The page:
Civil law governs the matters pertaining to marriage, adoption, inheritance, succession and so on. In India such matters of the citizens are still governed by the personal laws of their respective communities.
Hindu Code Bill Jawaharlal Nehru inthough he supported a uniform civil code, he had to face opposition by senior leaders like Vallabhbhai Patel and Rajendra Prasad The Indian Parliament discussed the report of the Hindu law committee during the — and — sessions.
The first Prime Minister of the Indian republicJawaharlal Nehruhis supporters and women members wanted a uniform civil code to be implemented. Ambedkar was in charge of presenting the details of this bill. It was found that the orthodox Hindu laws were pertaining only to a specific school and tradition because monogamy, divorce and the widow's right to inherit property were present in the Shashtras.
He had done research on the religious texts and considered the Hindu society structure flawed. According to him, only law reforms could save it and the Code bill was this opportunity. Nehru later supported Ambedkar's reforms but did not share his negative view on Hindu society.
The first President of the country, Rajendra Prasadopposed these reforms; others included the Congress party president Vallabhbhai Patela few senior members and the Hindu fundamentalist parties.
The fundamentalists called it "anti-Hindu" and "anti-Indian"; as a delaying Uniform civil code in india, they demanded a uniform civil code. It was decided to add the implementation of a uniform civil code in Article 44 of the Directive principles of the Constitution specifying, "The State shall endeavour to secure for citizens a uniform civil code throughout the territory of India.
According to academic Paula Banerjee, this move was to make sure it would never be addressed. The laws on divorce were framed giving both partners equal voice but majority of its implementation involved those initiated by men. Since the Act applied only to Hindus, women from the other communities remained subordinated.
For instance, Muslim womenunder the Muslim Personal Law, could not inherit agricultural land. He agreed that it lacked any substantial reforms but felt it was an "outstanding achievement" of his time.
According to him, such a lack of uniformity was preferable since it would be ineffective if implemented.
Thus, his vision of family law uniformity was not applied and was added to the Directive principles of the Constitution.
In many respects, the act was almost identical to the Hindu Marriage Act ofwhich gives some idea as to how secularised the law regarding Hindus had become.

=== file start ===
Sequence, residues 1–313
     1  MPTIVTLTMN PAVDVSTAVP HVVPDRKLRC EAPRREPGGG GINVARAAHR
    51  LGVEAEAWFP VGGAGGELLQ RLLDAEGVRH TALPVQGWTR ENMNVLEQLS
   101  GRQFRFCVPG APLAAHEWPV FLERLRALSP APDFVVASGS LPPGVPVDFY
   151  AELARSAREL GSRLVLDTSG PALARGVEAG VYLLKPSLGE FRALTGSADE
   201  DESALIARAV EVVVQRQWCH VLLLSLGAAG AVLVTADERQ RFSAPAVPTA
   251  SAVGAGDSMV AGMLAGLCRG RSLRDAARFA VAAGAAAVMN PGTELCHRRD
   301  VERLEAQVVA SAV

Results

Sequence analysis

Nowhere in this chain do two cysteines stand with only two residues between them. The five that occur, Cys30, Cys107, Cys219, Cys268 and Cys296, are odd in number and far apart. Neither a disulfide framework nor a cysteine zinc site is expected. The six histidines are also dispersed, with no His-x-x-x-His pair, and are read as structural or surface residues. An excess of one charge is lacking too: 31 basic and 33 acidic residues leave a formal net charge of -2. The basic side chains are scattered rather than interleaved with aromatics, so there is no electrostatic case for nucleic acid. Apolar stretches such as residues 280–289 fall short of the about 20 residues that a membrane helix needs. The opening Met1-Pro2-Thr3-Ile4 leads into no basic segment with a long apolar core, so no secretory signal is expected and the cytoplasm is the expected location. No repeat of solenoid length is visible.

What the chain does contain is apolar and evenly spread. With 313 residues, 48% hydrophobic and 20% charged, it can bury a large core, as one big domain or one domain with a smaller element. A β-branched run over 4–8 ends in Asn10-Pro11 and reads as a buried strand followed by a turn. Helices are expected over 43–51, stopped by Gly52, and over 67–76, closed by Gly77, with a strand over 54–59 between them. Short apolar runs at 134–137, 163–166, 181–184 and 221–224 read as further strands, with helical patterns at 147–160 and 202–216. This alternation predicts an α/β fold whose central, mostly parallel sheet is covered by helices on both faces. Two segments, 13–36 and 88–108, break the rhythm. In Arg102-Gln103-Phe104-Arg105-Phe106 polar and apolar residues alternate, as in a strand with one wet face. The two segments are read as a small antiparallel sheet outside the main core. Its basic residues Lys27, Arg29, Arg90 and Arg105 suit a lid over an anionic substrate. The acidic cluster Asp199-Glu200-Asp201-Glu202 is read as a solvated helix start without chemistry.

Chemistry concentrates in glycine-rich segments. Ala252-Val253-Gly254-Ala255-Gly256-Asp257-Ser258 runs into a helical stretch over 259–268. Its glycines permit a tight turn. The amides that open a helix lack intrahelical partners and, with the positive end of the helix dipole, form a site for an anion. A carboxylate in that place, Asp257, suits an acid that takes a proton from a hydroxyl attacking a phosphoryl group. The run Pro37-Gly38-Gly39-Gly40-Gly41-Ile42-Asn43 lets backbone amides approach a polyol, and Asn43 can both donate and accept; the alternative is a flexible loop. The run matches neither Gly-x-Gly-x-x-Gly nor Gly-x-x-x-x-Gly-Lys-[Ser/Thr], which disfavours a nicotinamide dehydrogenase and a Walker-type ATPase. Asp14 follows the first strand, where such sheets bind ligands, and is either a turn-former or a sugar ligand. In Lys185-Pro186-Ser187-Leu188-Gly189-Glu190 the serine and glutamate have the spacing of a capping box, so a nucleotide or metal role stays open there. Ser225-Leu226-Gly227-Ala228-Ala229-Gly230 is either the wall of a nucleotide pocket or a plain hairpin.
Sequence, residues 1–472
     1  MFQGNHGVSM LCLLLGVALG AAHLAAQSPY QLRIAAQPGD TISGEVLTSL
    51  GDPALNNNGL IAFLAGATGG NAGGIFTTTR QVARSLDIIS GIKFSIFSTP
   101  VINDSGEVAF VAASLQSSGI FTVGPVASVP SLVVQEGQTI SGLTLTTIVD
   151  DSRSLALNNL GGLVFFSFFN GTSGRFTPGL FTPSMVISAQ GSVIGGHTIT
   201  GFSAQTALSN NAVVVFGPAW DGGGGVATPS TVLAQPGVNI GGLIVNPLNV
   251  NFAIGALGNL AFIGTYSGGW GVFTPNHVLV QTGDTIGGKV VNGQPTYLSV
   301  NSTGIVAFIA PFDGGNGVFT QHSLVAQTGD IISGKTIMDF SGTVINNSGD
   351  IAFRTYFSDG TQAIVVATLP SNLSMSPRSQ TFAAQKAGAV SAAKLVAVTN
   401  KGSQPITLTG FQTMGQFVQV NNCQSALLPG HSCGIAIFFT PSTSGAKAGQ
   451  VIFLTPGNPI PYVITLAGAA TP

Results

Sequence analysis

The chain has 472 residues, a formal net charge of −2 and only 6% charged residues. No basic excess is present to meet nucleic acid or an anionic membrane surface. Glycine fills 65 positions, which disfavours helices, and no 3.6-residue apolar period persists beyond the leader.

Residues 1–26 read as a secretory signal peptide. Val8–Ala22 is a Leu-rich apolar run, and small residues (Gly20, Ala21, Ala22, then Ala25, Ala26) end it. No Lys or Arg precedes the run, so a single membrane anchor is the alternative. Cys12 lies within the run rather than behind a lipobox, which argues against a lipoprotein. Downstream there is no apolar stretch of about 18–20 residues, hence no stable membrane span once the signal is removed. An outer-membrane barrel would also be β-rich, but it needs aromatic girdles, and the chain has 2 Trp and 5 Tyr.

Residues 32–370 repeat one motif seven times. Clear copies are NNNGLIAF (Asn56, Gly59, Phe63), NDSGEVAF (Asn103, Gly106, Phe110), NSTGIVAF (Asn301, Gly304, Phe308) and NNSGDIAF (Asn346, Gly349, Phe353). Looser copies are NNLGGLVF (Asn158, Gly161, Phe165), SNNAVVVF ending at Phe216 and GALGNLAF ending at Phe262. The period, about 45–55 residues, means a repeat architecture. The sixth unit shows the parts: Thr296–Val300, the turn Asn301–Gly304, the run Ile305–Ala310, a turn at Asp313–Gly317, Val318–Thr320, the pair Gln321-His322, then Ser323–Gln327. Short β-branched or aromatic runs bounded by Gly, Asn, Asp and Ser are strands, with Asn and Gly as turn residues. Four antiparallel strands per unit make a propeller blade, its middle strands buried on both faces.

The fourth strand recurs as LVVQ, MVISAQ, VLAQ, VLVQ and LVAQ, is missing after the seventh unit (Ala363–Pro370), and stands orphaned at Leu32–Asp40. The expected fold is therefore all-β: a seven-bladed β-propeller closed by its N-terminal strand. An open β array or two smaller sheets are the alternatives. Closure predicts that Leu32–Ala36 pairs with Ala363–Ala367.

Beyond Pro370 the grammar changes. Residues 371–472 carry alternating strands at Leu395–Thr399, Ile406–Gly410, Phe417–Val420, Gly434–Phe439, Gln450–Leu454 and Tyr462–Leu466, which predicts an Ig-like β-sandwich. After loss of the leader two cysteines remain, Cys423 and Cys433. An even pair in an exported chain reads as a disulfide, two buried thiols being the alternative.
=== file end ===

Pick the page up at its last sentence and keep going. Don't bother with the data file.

The Special Marriage Act allowed Muslims to marry under it and thereby retain the protections, generally beneficial to Muslim women, that could not be found in the personal law. Under this act polygamy was illegal, and inheritance and succession would be governed by the Indian Succession Act, rather than the respective Muslim Personal Law.
Divorce also would be governed by the secular law, and maintenance of a divorced wife would be along the lines set down in the civil law.
Shah Bano case After the passing of the Hindu Code bill, the personal laws in India had two major areas of application: Bano was a year-old woman who sought maintenance from her husband, Muhammad Ahmad Khan. He had divorced her after 40 years of marriage by triple Talaaq saying "I divorce thee" three times and denied her regular maintenance; this sort of unilateral divorce was permitted under the Muslim Personal Law.
She was initially granted maintenance by the verdict of a local court in Khan, a lawyer himself, challenged this decision, taking it to the Supreme courtsaying that he had fulfilled all his obligations under Islamic law.
The Supreme court ruled in her favour in under the "maintenance of wives, children and parents" provision Section of the All India Criminal Codewhich applied to all citizens irrespective of religion. It further recommended that a uniform civil code be set up.
Besides her case, two other Muslim women had previously received maintenance under the Criminal code in and The Shah Bano case soon became nationwide political issue and a widely debated controversy.
After the anti-Sikh riotsminorities in Indiawith Muslims being the largest, felt threatened with the need to safeguard their culture.The Uniform Civil Code (UCC) in India proposes to replace the personal laws based on the scriptures and customs of each major religious community in the country with a common set governing every citizen.
Uniform civil code is a much talked about law that needs to replace the personal laws which govern the rights of people in terms of customs and rules of each religious community, covering personal. Article 44 of the Constitution of India requires the state to secure for the citizens of India a Uniform Civil Code throughout the territory of India.
As has been noticed above, India is a unique blend and merger of codified personal laws of Hindus, Muslims, Christians, Parsis. Uniform civil code is a term which has originated from the concept of a civil law r-bridal.com envisages administering the same set of secular civil laws to govern different people .
The Goa Civil Code, also called the Goa Family Law, is the set of civil laws that governs the residents of the Indian state of Goa. In India, as a whole, there are religion-specific civil codes that separately govern adherents of different religions.
A uniform civil code administers the same set of secular civil laws to govern all people irrespective of their religion, caste and tribe. The need for such a code takes in to account the constitutional mandate of securing justice and equality for all citizens.